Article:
There are many differences not only in the way that R12 handles your business, but also in the underlying structures of the Financials. Essentially, R12 was designed to accommodate global companies with different accounting requirements who need to allow their data to be shared among different entities. The most significant of these changes is that in R12, there is no concept of Sets of Books. Ledger and Ledger Sets together replace Sets of Books. The data of a Set of Books is contained in a ledger. The management of the set of books (open and closing, reporting, allocating, etc.) is now at the Ledger Set level A ledger and is defined by the 4 Cs: Calendar, Currency, Chart of Accounts (these should be familiar as the definition of a set of books), and Convention.
Convention refers to the Accounting Method (e.g. GAAP, IAS) used. From a single transaction ledger, you can generate rules that will populate different subledgers. For example, if you have different tax jurisdictions, you would have a ledger that would track the accounting and reporting necessary for each of the jurisdictions. You would only enter the transaction one time, and then populate that transaction to different ledgers depending on the rules that you create. Detailed transaction information is captured in the subledgers and periodically posted (in summary or detail form) to the ledger. Within the ledgers, you define accounting rules to comply with Sarbanes Oxley, providing an audit trail and easier reconciliation. You can balance at the subledger level.
Subledger Accounting allows you to define centralized rules and provides multiple accounting representations of a single transaction in multiple currencies. One of the main advantages is to be able to create a single payment transaction for different legal entities or different operating units and create a rule that allows that transaction to be credited and debited correctly without creating overrides and adjusting entries. A ledger owner might be a legal entity or a group of companies in a common legal environment, or a foreign branch. Ledgers are also used to consolidate financial transactions. Accounting entries can account for themselves in ledgers that are prepared under different conventions with different charts of accounts, and value transactions in different currencies. One of the ledgers is the primary ledger. A ledger set is a collection of ledgers that you wish to manage as though they were one ledger.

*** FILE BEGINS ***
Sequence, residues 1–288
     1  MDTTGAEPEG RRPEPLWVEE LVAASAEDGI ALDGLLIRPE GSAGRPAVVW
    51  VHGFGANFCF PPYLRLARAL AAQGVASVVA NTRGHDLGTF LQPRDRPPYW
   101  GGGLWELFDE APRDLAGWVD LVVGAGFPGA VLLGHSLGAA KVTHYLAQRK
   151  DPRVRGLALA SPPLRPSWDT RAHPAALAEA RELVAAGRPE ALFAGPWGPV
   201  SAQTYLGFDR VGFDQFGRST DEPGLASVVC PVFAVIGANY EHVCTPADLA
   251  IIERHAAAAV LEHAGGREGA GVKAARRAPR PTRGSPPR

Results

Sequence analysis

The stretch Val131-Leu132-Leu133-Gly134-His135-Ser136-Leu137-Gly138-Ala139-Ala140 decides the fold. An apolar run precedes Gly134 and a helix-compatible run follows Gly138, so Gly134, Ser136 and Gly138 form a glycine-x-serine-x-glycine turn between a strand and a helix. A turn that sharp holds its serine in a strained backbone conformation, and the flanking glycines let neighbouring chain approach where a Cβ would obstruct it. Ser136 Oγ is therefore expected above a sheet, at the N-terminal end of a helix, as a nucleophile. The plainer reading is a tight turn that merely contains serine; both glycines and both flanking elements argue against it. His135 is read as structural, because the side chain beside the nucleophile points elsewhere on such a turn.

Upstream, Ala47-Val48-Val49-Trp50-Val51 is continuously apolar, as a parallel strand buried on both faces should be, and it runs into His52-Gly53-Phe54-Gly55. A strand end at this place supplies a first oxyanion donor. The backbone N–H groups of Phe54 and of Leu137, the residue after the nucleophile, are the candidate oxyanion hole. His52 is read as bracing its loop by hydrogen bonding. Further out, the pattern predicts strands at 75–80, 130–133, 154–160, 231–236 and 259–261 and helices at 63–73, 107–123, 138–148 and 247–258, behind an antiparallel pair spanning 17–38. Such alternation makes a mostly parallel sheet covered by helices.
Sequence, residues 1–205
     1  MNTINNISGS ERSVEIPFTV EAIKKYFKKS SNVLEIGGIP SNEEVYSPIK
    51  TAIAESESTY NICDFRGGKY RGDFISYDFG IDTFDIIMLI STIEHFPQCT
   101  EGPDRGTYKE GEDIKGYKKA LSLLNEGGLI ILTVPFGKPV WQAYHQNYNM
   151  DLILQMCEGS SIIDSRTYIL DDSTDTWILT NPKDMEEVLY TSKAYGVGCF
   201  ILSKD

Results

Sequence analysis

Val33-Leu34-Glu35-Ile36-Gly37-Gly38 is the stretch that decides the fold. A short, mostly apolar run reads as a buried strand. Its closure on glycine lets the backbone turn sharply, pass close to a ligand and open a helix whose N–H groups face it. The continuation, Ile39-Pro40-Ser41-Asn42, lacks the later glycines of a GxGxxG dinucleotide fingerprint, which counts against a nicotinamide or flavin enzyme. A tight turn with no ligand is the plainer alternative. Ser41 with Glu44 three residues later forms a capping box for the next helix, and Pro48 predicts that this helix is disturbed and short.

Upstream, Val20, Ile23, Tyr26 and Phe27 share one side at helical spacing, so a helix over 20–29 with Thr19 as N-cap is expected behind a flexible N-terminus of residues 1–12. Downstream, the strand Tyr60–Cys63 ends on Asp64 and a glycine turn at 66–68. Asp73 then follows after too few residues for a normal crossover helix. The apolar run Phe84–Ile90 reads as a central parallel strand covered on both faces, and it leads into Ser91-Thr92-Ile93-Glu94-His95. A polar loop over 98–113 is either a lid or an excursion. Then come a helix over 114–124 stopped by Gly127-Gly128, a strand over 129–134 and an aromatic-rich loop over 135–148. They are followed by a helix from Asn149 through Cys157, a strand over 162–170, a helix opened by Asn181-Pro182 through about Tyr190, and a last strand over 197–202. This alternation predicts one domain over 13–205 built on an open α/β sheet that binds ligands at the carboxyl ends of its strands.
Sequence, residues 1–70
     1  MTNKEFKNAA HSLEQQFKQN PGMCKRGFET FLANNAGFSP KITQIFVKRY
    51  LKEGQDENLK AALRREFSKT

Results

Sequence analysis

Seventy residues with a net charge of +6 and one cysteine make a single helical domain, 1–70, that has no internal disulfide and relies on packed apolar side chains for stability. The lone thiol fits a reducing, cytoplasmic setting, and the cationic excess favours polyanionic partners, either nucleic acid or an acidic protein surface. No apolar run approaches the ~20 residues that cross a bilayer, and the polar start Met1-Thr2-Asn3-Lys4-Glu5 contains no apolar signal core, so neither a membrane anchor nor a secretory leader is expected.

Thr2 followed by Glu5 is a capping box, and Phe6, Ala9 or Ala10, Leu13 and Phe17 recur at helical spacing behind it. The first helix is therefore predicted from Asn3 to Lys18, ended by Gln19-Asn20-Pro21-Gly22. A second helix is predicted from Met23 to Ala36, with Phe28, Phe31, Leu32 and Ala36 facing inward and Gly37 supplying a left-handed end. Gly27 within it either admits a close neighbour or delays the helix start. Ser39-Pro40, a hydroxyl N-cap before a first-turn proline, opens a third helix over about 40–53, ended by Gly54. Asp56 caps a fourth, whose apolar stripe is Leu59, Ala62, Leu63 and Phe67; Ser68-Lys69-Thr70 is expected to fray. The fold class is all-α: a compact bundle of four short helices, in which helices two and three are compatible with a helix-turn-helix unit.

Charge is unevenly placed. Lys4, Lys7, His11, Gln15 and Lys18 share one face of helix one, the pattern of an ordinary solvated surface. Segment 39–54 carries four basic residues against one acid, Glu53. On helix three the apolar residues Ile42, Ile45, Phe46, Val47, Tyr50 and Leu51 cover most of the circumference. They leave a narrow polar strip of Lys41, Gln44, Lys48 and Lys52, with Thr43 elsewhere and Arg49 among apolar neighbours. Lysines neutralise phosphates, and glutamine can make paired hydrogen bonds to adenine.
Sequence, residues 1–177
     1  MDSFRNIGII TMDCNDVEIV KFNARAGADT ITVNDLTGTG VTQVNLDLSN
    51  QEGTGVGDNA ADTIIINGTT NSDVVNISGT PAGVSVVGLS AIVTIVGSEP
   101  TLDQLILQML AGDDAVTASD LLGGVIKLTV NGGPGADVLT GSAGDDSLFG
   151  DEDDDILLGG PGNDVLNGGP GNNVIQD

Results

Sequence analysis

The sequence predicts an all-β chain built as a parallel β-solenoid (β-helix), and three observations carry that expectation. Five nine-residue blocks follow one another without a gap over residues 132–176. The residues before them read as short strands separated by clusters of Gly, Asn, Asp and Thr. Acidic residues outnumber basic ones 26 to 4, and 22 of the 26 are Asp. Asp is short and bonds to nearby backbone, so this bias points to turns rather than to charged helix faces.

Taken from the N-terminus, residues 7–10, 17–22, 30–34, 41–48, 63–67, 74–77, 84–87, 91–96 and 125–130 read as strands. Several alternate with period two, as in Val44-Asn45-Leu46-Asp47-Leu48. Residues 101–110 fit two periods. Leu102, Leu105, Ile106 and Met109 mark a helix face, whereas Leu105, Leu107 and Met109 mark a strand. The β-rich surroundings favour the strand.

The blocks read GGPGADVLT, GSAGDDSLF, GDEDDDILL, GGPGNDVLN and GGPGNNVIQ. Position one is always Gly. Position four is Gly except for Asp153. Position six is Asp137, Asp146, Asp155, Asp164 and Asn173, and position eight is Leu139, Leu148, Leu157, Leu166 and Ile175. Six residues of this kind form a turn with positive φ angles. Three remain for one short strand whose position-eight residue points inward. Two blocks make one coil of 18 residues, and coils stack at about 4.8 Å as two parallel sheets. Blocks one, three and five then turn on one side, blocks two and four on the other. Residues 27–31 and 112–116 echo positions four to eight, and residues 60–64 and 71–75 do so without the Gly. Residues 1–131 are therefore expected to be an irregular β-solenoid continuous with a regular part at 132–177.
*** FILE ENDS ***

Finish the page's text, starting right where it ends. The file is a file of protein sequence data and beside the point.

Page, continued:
Many functions are available across ledgers:
- Open/Close Periods
- Create Journals
- Translate and Revalue Balances
- View Information
- Submit Standard Reports
- Submit Financial Statements
Another major change is the Multi-Org Access Control (MOAC). MOAC allows you to perform functions across operating units without changing responsibilities. A responsibility is no-longer tied to a single operating unit. Instead, from within HR, you can assign a list of operating units to a responsibility and assign security to that operating unit through a security profile. By setting the operating unit to null, you can import all transactions for all operating units through the open interface programs at the same time. You can also create and report on transactions that cross operating units or operate a shared services center with centralized processing.
In R12, the concept of legal entity has been enhanced. A legal entity exists in the outside world and may be regulated by different governing bodies (i.e. country, state, tax authority). A legal entity pays taxes, has bank accounts, and complies with different regulatory agencies. Transactions that occur between and across legal entities are intercompany transactions. Bank accounts are now associated with legal entities rather than with operating units, allowing for a single bank account to serve multiple operating units. Income statements and balance sheets are generated along with tax forms for every legal entity. In HR, there is the Government Reporting Legal Entity (GRLE) which represents the registered legal entity who is the employer in HR.